People took to streets in Zimbabwe after President Mnangagwa announced a 150 percent fuel price hike in a country where unemployment is 80 percent.
Protesters barricaded roads and burned tires in a suburb of Zimbabwe's capital Harare Monday, two days after President Emmerson Mnangagwa announced a massive fuel price hike in an effort to stem a deepening economic crisis.
Cash shortages have plunged Zimbabwe's economy into disarray, threatening widespread social unrest and undermining Mnangagwa's efforts to win back foreign investors sidelined under his predecessor Robert Mugabe.
"What kind of a man does this? Can Mnangagwa even be called a president? He's making life hard for us and these police are trying to stop us as if they don't know our pain," said Glen Ncube, a protestor.
Police fired teargas to disperse youths protesting outside the high court in Zimbabwe's second city of Bulawayo, according to video footage from the Centre for Innovation and Technology, a local news service. Riot police in trucks patrolled downtown Harare while some shops remained closed.
"The fuel prices must come down, we are not going anywhere until they bring it down. This government is trying to play with us. They can bring their tear gas and police but we're here to fight for this country; I'm not going anywhere," Morrisson Nxulmalo, an unemployed 33-year-old Zimbabwean told Al Jazeera.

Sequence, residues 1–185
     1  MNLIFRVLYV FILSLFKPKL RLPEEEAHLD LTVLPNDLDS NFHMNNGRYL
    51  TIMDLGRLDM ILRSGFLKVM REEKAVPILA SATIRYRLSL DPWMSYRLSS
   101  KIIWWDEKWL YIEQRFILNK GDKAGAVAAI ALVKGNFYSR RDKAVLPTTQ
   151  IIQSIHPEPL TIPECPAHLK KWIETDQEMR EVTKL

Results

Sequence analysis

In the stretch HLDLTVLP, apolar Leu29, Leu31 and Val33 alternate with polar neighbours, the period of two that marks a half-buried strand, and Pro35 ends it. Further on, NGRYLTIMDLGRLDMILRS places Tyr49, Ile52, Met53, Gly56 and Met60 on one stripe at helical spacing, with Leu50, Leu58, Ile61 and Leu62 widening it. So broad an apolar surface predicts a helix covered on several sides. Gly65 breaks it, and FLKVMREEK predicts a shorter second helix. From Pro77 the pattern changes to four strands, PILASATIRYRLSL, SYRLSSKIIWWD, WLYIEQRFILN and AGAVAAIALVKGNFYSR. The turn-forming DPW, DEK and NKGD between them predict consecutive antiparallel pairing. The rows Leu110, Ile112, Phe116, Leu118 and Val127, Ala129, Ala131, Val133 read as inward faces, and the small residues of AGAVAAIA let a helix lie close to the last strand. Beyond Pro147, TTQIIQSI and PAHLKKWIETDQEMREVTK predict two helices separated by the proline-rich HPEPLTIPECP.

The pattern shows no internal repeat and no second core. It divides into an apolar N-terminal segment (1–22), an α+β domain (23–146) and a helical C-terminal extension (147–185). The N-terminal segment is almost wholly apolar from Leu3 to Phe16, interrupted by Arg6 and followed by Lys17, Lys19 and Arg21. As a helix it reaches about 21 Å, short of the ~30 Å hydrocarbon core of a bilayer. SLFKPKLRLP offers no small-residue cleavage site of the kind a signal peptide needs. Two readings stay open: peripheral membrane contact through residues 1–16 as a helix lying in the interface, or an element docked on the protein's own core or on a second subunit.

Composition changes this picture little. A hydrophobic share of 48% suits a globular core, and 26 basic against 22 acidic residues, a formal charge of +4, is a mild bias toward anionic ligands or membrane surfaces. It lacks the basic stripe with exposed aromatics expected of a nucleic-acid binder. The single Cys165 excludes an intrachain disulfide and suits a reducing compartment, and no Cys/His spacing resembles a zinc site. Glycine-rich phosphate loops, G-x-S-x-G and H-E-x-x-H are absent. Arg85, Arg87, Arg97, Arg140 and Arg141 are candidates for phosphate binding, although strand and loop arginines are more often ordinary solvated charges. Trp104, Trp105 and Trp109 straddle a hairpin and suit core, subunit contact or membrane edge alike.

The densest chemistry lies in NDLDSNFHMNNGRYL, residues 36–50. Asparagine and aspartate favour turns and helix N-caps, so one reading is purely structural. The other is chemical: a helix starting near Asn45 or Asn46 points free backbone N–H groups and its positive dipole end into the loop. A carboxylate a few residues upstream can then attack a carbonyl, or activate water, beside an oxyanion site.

Mnangagwa's announcement of a 150 percent increase in fuel prices was greeted with shock in Zimbabwe where unemployment is over 80 percent. The price was increased from US$1.34 for a liter of petrol to US$3.31 with diesel surging to US$3.11 per liter. The government sets fuel prices via the Zimbabwe Energy Regulatory Agency.
Residents of Epworth, 36 km (22 miles) south of the capital, protested after the main labor federation called for a three-day strike starting Monday in response to the price increase.
"The main roads to town have been barricaded with rocks and there is no public transport carrying people," Phibeon Machona, a 27-year-old Epworth resident told Reuters.
The recent protests came just after doctors ended a 40-day strike in the country without comeing to any terms.
The Zimbabwean government issued a statement in response to the protests labeling them Western-sponsored acts.
"This brazenly unconstitutional plan which has sought financial support from some regime-change organisations based in America and Germany, among other countries, represents a serious threat to our consolidating democracy, to the rule of law in our country, and to the authority of government and the state," the statement said.